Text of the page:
Where do anacondas live?
In the wild, anacondas generally live in swamps, rivers, and wetlands that are deep enough to submerge in.
They will hide out in a variety of places such as tree branches or mangroves to stay afloat while they hunt for prey.
The average anaconda lives around 10ft long, but unlike many other snakes, they do not shed their skins.
Instead, they stretch out their skin and grow more of it when they get older.
Different Types of Anacondas and Where They Live
Most anacondas live in the rainforests of South America.
There are a few different species of anaconda, but you can find them all living in similar places.
The green anaconda lives throughout much of Venezuela, as well as the watery areas of Columbia and Peru.
The yellow anaconda is native to Brazil, and the dark-spotted anaconda lives mostly in Columbia.
One of the most well-known places that a lot of anacondas live in is Venezuela’s Orinoco River.
This river flows into many other South American rivers.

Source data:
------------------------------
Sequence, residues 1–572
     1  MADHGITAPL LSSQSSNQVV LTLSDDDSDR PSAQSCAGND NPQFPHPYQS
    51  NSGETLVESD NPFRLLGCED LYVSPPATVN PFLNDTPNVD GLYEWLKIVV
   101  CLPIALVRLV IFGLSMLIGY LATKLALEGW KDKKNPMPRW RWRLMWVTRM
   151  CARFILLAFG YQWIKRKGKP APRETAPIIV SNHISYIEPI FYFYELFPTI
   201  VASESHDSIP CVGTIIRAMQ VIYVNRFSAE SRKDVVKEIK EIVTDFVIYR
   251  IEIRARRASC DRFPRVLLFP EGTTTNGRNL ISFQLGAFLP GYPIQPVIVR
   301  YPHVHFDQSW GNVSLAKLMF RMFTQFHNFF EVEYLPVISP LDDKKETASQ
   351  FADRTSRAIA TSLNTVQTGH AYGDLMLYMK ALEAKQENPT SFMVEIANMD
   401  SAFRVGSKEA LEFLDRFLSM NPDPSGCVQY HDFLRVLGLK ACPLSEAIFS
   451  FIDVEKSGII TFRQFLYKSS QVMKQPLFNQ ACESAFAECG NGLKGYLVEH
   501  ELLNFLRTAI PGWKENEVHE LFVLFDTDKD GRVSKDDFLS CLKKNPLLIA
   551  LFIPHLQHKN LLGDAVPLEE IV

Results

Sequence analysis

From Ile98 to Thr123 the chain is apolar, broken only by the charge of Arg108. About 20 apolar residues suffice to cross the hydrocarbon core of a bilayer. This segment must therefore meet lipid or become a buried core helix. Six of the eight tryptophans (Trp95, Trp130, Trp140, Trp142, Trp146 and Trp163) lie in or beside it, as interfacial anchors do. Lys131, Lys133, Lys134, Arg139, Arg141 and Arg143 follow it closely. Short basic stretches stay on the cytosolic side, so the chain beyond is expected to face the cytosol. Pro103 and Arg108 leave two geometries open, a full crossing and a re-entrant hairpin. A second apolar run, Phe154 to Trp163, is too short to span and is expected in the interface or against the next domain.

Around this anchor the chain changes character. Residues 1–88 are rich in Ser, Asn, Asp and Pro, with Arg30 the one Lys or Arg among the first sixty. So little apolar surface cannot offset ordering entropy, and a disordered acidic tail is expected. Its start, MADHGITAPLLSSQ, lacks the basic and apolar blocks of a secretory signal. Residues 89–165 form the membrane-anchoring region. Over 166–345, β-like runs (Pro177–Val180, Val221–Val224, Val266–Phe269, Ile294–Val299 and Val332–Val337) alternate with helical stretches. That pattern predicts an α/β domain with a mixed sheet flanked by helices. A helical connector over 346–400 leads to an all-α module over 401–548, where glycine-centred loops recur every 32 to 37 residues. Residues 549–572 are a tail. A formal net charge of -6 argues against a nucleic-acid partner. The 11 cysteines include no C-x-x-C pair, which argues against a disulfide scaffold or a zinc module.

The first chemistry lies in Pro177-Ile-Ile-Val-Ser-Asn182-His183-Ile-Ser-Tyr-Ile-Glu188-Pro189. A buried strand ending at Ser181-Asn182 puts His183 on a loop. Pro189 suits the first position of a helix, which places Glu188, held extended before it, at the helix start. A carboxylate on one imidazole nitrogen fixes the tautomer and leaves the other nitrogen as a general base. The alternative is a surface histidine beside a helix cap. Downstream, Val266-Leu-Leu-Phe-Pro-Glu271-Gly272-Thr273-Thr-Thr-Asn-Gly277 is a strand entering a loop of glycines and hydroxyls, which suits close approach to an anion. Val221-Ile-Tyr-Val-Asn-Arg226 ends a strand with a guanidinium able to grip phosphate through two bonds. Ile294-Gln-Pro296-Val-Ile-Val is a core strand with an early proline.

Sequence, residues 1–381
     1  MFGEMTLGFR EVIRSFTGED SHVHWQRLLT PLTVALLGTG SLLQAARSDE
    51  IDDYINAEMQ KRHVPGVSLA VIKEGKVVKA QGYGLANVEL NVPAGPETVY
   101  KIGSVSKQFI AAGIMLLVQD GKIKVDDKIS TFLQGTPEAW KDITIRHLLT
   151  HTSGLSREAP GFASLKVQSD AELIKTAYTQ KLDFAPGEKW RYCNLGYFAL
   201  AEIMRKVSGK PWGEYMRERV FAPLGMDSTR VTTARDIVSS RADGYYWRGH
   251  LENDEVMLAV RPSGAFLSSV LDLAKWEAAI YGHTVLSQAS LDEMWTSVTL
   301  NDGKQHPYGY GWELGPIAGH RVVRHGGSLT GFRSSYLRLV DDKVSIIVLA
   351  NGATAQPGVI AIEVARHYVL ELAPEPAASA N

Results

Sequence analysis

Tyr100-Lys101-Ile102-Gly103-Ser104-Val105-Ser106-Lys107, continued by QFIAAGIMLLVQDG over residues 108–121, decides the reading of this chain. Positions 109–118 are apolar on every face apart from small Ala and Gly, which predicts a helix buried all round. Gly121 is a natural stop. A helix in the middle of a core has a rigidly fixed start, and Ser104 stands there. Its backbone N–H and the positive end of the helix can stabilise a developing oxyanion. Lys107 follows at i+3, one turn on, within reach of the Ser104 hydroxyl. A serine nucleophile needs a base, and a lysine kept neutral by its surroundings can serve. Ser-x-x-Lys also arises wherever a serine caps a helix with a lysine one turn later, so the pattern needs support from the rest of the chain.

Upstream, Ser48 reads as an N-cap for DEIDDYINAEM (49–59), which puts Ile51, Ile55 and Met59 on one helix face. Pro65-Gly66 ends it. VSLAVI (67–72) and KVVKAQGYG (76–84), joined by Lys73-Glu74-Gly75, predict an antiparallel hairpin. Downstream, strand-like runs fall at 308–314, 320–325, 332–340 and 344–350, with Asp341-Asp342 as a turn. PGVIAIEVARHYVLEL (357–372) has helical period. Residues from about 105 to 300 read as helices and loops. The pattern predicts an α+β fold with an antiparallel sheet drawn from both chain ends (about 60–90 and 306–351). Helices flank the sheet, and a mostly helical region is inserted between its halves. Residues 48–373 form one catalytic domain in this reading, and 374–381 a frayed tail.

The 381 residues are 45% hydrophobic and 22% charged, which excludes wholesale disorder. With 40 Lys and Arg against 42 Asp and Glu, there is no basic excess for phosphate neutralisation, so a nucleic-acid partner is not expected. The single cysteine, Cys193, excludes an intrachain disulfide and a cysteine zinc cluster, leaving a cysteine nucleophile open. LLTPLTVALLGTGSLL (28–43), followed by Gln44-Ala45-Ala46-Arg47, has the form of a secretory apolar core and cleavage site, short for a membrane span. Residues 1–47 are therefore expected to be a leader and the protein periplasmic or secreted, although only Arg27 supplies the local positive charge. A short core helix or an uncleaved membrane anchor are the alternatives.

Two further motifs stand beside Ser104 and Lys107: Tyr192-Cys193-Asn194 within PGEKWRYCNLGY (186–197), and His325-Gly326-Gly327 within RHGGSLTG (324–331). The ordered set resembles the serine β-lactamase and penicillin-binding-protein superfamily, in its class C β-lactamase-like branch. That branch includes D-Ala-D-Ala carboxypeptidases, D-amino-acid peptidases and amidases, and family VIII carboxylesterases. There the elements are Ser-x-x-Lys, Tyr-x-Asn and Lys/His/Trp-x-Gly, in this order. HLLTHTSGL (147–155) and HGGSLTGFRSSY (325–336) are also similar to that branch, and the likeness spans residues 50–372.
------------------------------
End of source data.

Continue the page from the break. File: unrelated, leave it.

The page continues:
In fact, all three types of anacondas are within this one great river where they live in similar habitats.
However, anacondas aren’t around every South American river…
The Amazon River is the largest river in all of South America, but you won’t find many anacondas here.
The habitat is just not right for them to swim up and thrive.
That means that if you do see a green anaconda in the Amazon River, it must have been brought there.
Anacondas live in South America – specifically in northern Argentina, the Orinoco/Amazon basin of Venezuela; Colombia; eastern Peru, Ecuador, Brazil, and the Guianas, southern Trinidad Island in northeastern coastal Venezuela, and possibly in eastern Bolivia.
Anacondas are actually greatly adapted for aquatic life.
They can swim to get closer to prey or escape predators, usually by paddling with the forepart of their bodies while swimming on the surface of the water.
On land, they may move either by sprawling or by being propelled in a similar way by the action of their undulating spine.